Travels in Africa - Park Denham, Clapperton, Lander, and Others
'At this point the authentic account of Mungo Park's second journey ends. Isaaco's engagement here terminated, and the papers given to him by the traveler, and carried back to the coast, constitute the only records of the expedition which came from Park's own pen. These papers were accompanied by several letters, the most interesting of which is one (dated Sansanding, November 17) addressed to Lord Camden. In this letter Park says - " I am sorry to say, that of forty-four Europeans who left the Gambia in perfect health, five only are at present alive; namely, three soldiers (one deranged in his mind), Lieutenant Martyn, and myself. From this account I am afraid that your lordship will be apt to consider matters as in a very hopeless state; but I assure you I am far from despairing. With the assistance of one of the soldiers, I have changed a large canoe into a tolerably good schooner, on board of which I this day hoisted the British flag, and shall set sail to the east, with a fixed resolution to discover the termination of the Niger, or perish in the attempt. I have heard nothing that I can depend on respecting the remote course of this mighty stream, but I am more and more inclined to think that it can end nowhere but in the sea. My dear friend Mr. Anderson, and likewise Mr. Scott, are both dead; but though all the Europeans who are with me should die,, and though I myself were half dead, I would still persevere, and if I could not succeed in the object of my journey, I would at last die on the Niger." '
These were the last words which Park sent to Europe; the next intelligence was a vague rumor of his death. For five years, however, no authentic information of the event was received; but from the exertions of Isaaco, Park's former guide, who was induced in 1810 to make a journey with a view to ascertain the traveler's fate, it appeared that his prophetic words had been accomplished, and that he had died on the Niger.' Isaaco obtained the particulars from Amadi Fatouma, who acted as guide to the party onward from Sansanding. They were as follows: - Passing Jeuné and Timbuctoo in safety, the little schooner, with Park and his surviving companions (eight in number) on board, reached Yaour, in the kingdom of Houssa. Not willing to delay his progress by landing, Park sent Amadi Fatouma, whose engagement as guide terminated here, on shore with presents to the king. These presents being treacherously appropriated by the inferior chief to whom Amadi delivered them, the king of Houssa, thinking his dignity insulted, sent an army after the schooner. The army came upon the schooner at a part of the river called Boussa. ' There is before Boussa a rock extending across the river, with only one opening in it, in the form of a door, for the water to pass through. The king's men took possession of the top of this rock, until Park came up to it and attempted to pass. The natives attacked him and his friends with lances, pikes, arrows, and other missiles. Park defended himself vigorously for a long time; but at last, after throwing everything in the canoe overboard, being overpowered by numbers, and seeing no chance of getting the canoe past, he took hold of one of the white men and jumped into the river; Martyn did the same; and the whole were drowned in their attempt to escape by swimming. One black remained in the canoe, the other two being killed, and he cried for mercy. The canoe fell into the hands of the natives. Amadi Fatouma, on being freed from his irons three months afterwards, ascertained these facts from the native who had survived the catastrophe.'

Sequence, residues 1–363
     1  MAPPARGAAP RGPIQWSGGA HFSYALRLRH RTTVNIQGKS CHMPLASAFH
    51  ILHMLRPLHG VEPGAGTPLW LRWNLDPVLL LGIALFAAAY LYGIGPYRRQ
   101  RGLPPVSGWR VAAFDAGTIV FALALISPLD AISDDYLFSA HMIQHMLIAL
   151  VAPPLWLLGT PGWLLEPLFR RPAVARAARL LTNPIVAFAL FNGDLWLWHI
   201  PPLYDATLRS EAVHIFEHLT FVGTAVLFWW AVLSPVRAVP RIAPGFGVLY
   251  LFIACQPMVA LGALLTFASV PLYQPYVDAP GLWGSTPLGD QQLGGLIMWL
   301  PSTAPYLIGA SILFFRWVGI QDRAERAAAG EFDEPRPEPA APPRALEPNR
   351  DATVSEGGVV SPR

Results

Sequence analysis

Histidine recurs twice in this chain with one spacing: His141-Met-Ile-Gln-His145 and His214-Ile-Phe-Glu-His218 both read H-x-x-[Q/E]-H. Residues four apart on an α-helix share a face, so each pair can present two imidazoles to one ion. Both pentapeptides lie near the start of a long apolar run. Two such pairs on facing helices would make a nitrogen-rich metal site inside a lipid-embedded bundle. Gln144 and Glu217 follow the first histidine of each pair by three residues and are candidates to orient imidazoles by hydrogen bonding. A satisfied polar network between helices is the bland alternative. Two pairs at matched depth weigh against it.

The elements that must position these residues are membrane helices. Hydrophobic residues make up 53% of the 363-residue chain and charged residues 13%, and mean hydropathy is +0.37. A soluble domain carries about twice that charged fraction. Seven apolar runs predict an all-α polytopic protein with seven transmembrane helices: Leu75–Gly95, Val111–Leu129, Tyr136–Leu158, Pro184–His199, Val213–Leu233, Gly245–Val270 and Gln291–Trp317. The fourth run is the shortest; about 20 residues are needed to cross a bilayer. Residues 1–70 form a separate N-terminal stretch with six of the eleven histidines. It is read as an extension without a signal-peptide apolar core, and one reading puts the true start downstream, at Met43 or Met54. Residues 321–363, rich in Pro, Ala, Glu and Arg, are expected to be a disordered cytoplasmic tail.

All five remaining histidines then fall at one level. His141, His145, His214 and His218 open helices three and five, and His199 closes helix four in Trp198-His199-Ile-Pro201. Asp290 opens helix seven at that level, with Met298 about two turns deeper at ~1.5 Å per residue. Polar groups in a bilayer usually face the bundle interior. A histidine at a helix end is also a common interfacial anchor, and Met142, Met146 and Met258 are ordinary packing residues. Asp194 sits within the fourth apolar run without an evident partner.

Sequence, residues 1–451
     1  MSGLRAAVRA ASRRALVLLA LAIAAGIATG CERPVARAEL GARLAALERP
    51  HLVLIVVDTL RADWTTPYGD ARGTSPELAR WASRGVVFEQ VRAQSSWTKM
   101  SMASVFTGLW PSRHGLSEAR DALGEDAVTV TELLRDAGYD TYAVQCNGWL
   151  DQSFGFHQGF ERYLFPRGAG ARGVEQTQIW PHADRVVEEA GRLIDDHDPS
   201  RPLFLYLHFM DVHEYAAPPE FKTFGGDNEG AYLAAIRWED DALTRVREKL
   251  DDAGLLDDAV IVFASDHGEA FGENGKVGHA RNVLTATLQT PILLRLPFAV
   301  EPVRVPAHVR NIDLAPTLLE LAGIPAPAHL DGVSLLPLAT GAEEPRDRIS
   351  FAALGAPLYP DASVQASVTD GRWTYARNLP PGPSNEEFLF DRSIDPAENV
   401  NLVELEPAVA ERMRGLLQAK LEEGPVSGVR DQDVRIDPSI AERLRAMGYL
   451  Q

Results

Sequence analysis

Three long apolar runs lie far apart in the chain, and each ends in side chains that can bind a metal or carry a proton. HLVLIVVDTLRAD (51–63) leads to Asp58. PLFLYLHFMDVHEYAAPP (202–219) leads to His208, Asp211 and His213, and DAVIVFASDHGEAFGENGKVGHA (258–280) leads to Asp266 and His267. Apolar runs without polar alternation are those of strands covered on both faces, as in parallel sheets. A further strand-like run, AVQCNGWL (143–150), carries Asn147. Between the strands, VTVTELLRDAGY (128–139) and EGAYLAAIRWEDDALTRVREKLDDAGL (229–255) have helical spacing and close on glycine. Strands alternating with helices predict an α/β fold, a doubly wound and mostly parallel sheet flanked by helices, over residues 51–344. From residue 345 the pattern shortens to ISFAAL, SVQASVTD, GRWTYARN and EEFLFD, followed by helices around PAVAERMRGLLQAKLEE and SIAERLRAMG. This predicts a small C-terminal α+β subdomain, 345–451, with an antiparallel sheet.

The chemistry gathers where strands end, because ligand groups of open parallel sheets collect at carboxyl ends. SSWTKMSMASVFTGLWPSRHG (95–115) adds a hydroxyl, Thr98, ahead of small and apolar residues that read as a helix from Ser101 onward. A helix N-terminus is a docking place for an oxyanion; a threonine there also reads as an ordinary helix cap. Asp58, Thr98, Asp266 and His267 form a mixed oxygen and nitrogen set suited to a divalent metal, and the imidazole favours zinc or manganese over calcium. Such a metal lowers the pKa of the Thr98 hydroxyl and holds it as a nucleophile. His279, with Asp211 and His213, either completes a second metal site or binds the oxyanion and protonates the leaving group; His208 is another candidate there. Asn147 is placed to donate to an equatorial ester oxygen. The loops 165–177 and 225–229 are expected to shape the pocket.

From 1805 to 1822, various attempts were made to penetrate after Park into the heart of Nigritia. In 1809 Roentger, a German, proceeded from Morocco with a view to cross the Great Desert, but he seems to have been murdered by his guides. Shortly after, some information was obtained from two Americans, Adams and Riley, who were wrecked off the coast of the Great Desert, and carried into the interior by the Arabs. Adams alleged that he had been carried as far as Timbuctoo, but little credit was attached to his statement. The famous Burckhardt was to attempt a journey into the interior from Egypt, but died before carrying his resolution into effect. In 1816 the British government, possessed with the idea, which we have seen that Park himself came latterly to entertain, that the Congo was the outlet of the Niger, fitted out two expeditions, one of which, under Captain Tuckey, was to ascend the Congo in vessels; the other, under Major Peddie, was to penetrate the interior by Park's route, and, embarking on the Niger, to sail down it so as to meet Captain Tuckey, which would of course happen if the Niger and Congo were identical. Both parties were brought to a halt the expedition up the Congo by cataracts, which prevented further navigation, and the land expedition by the hostility of the natives; and the only result of consequence was to explode the hypothesis that the Niger and the Congo were the same.